The key is to keep the boundaries a fluid process. Remember to revise the list when you see them doing something you don’t like; and encourage them when they are doing something well. Be careful that you are not establishing norms for the sake of having norms. Test every boundary by asking yourself these questions: If they do something I’ve asked them not to do, will it have a negative impact? Similarly, if they don’t do something on the list, will it have a negative impact? If there is no negative impact, it should be removed as a boundary.

Demand Communication

Communication. Every manager demands it, but many of us don’t do it very well. The challenge is that managers typically don’t expect, require, hope for, nor improve, communication. They DEMAND communication. In order to demand something, you must know exactly what you want and you must make it a top priority to get those results. In order to get that accomplished, you need to have a mechanism set in place to demand communication.

Managers don’t like surprises when it comes to business. You want to know the bad news before it becomes bad and you want to know that good news is just around the corner. We take the “no news is good news” approach off the table and talk explicitly about what is going on in the business with great frequency. There is no doubt that most managers do this all ready. You probably talk to people throughout the day and ask them how things are going. Unfortunately, 90% of the time they respond to you with the F-word: Fine. Fine is a great word that conveys absolutely nothing, yet most of us are satisfied with the response.

There are 1,327 follow-up questions to “how’s it going?” that will yield a real answer. How is Jim getting along today after coming back from surgery? How did the inspection go yesterday? Any repairs need to be made? Hopefully you get the picture.

When you think about the demand of communication, think of it as developing a stronger relationship. It will take time to demand communication, but the payback will be tremendous. Instead of solving problems, you’ll be preventing them. Instead of responding to crises, you’ll be avoiding them.

Many of us don’t like formality, but with no routine, no discipline, no habit or no ritual, we run the risk of the day-to-day nonsense preventing us from getting important things done. Meaningful communication is important to your employees and it’s important to you. It’s okay to demand communication provided that you set a formal habit around when and how it happens. I promise there will always be something for you to talk about.

These three things will have an enormously positive impact on your employees’ success and ultimately your business. Just remember to establish the expectations and boundaries as early as you can, and lead by example when you demand communication.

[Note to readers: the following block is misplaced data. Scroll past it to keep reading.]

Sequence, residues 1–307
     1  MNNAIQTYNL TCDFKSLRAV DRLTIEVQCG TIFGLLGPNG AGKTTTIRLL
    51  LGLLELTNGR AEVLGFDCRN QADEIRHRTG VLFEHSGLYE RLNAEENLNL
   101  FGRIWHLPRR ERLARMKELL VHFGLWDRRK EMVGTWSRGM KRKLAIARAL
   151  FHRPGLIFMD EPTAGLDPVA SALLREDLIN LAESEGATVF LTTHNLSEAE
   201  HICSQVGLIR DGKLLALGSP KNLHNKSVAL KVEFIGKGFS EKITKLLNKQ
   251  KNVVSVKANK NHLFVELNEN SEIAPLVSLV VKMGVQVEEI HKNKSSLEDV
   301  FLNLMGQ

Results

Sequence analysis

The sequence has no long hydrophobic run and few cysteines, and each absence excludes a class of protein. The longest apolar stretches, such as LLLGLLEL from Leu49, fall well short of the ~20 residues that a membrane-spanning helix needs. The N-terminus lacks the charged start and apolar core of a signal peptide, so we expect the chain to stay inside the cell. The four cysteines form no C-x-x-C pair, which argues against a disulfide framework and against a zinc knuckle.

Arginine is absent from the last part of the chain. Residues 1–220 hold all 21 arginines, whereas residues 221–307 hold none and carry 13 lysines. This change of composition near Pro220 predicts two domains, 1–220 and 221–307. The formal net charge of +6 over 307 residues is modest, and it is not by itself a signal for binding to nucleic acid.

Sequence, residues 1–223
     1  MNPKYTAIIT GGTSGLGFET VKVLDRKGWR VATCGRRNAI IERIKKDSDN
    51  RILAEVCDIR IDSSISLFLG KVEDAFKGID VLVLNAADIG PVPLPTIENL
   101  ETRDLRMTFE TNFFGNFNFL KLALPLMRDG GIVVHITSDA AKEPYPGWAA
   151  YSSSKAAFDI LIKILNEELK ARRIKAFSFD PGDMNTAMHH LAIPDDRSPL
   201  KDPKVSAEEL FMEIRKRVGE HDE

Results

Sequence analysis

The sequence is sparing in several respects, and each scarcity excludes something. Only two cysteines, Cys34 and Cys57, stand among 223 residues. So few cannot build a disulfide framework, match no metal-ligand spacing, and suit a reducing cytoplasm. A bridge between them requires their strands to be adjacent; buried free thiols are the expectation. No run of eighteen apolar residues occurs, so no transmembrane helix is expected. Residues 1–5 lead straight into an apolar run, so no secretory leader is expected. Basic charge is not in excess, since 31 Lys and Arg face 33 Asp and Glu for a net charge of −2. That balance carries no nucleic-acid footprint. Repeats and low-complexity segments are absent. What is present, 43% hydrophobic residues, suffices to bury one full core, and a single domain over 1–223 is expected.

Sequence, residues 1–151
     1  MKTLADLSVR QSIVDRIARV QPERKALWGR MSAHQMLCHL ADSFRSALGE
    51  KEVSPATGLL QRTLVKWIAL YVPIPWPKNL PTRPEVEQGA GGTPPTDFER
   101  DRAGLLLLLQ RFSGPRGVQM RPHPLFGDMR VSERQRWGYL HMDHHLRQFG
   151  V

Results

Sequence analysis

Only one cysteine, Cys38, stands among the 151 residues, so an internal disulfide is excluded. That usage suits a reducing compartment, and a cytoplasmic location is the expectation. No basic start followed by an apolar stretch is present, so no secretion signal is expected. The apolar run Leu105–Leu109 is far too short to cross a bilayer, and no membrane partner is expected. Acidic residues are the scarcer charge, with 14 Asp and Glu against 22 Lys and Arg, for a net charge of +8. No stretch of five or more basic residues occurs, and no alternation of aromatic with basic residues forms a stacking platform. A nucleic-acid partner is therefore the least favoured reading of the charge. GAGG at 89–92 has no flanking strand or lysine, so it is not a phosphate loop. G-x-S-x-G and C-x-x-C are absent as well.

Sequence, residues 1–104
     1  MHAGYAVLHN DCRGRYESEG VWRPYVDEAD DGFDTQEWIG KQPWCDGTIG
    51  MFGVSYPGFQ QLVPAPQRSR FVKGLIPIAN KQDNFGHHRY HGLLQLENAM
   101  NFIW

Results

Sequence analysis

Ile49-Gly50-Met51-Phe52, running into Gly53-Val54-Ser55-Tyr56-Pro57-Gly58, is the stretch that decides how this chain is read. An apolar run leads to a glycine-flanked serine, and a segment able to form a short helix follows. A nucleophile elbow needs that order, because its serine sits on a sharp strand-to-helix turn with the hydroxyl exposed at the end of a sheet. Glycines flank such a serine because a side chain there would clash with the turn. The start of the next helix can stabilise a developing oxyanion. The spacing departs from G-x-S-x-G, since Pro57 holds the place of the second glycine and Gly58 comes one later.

Leave a Reply

One comment on “Three Keys To Employee Success

Employees Stories

EmployeesSyngenta Sees Diversity In Ag Increasing
September 22, 2015
As the 2015 growing season winds down, many companies and groups in agriculture are upping their efforts to embrace a Read More
Employee Training Employees at Silverado Ranch Supply receive monthly training that focuses on how to read labels, handle hazardous materials, document use of hazardous and other materials, and actions to take in an emergency situation. Source: Lindsay Dixon, consultant, Silverado Ranch Supply, Yerington, NV
EmployeesTop 10 Employee Retention Mistakes
March 9, 2015
Ag retailers are constantly looking to please their best employees, but many err in how they attempt to retain them. Read More
Prairieland FS employees
EmployeesThe Three Keys To Employee Success
February 12, 2015
Everyone hiring in the agricultural markets has three major concerns to address. Read More
EmployeesOhio AgriBusiness Association Awards $25,000 In Scholarships
November 19, 2014
Each year, the Ohio AgriBusiness Association Educational Trust scholarship program awards scholarship dollars to students enrolled in an agriculture-related field attending several state colleges. Read More
Top 100 Articles
Southern States Co-op Storefront
CropLife 100Southern States: Always Ag Authentic
October 1, 2015
If people were to judge a book by its cover when visiting Southern States Cooperative’s (SSC) Richmond, VA, corporate headquarters, Read More
Crop InputsLand ‘O Lakes, United Suppliers Finalize Merger
August 24, 2015
According to a press release on August 24, owners of United Suppliers, Inc. and members of Land O’Lakes, Inc. “have Read More
West Central Cooperative, Jefferson, IA
CropLife 100Iowa Cooperatives To Explore Unification
August 19, 2015
The boards of directors at two of Iowa’s leading farmer-owned cooperatives yesterday signed a letter of intent to study the Read More